A Sealy puppy will cost about $1500 as it is not common and breeders are hard to find. You would need to make sure you find a trustworthy breeder and this cost would go up for a top breeder of show quality dogs. Less than 75 new puppies are being registered (a Golden Retriever sees over 60,000 puppies a year). Avoid using breeders that cannot be trusted, the last thing you should want to do is fund ignorant or deliberately cruel breeders. Rescues and shelters are another option to check out, though the chances of finding even a mixed breed Sealy are slim. However if you are not wanting a show dog and are looking for a companion this is a very good option. You might find the perfect new best friend and you are then giving it a chance at a new forever home. Adoption costs between $50 to $400. </p >

Once you have found the dog you want you will need to get some things for it and have some medical needs dealt with. Items will include things like a carrier, crate, bowls, collar and leash. You can expect to pay around $120 for these. Health needs will include things like shots, deworming, micro chipping, spaying or neutering, a physical examination and blood tests. They will cost about $260. </p >

There are also yearly ongoing costs to be dealt with such as feeding it, keeping it healthy, maintenance and so on. Pet insurance and basic health care needs such as check ups, flea and tick prevention and shots will cost about $435 a year. A good quality dry dog food and treats will cost about $75 a year. Grooming, license, toys, basic training and miscellaneous items will cost about $460 a year. This gives a total of $970 a year as a starting figure. </p >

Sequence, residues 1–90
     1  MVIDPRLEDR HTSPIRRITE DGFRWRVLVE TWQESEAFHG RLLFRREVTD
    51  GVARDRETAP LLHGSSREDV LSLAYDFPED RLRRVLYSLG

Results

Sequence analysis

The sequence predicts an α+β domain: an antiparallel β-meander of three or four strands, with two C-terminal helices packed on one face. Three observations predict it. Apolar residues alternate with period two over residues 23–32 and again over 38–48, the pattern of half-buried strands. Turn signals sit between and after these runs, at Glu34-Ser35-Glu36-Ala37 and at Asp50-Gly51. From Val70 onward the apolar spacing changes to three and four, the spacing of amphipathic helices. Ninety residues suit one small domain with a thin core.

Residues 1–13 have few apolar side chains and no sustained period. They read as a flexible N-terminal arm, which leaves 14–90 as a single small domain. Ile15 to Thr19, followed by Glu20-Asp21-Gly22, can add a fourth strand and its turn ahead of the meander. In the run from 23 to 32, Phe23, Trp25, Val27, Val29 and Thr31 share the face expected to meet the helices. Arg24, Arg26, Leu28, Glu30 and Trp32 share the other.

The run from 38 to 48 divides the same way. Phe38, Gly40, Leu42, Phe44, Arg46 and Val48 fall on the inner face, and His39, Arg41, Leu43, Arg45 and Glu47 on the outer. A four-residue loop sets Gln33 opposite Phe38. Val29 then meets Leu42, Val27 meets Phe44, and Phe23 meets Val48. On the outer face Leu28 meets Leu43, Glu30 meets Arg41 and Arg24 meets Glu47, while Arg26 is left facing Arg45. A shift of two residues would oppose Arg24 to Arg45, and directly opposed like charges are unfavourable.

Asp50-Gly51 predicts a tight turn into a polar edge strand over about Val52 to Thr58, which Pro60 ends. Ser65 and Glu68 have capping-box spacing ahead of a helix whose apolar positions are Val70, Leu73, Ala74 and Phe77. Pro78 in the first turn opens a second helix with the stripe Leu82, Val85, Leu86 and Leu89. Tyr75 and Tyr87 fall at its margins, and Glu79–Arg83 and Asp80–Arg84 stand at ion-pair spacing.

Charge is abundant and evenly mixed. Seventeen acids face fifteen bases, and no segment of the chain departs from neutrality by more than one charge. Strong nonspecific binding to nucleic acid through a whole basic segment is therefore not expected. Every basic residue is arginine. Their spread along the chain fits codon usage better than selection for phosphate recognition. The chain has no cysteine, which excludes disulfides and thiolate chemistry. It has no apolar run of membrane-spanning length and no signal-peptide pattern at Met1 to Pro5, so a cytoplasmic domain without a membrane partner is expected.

Names

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The Sealyham Terrier is a robust and spunky dog but is not as fierce or active as many terriers and enjoys a cuddle and some chill time inside too. It needs to be a part of the family and is affectionate and very loyal. It does not shed a great deal but does need a certain amount of attention in terms of grooming and looking after its coat. It is independent minded and it does have a strong prey drive. It is also bold around other dogs and wary around strangers so early socialization and training are important. It can be clownish and make you laugh, it offers companionship and is adaptable too. </p >


Feature image credit: Ricantimages, Shutterstock

Nicole Cosgrove

Nicole is the proud mom of Baby, a Burmese cat and Rosa, a New Zealand Huntaway. A Canadian expat, Nicole now lives on a lush forest property with her Kiwi husband in New Zealand. She has a strong love for all animals of all shapes and sizes (and particularly loves a good interspecies friendship) and wants to share her animal knowledge and other experts' knowledge with pet lovers across the globe.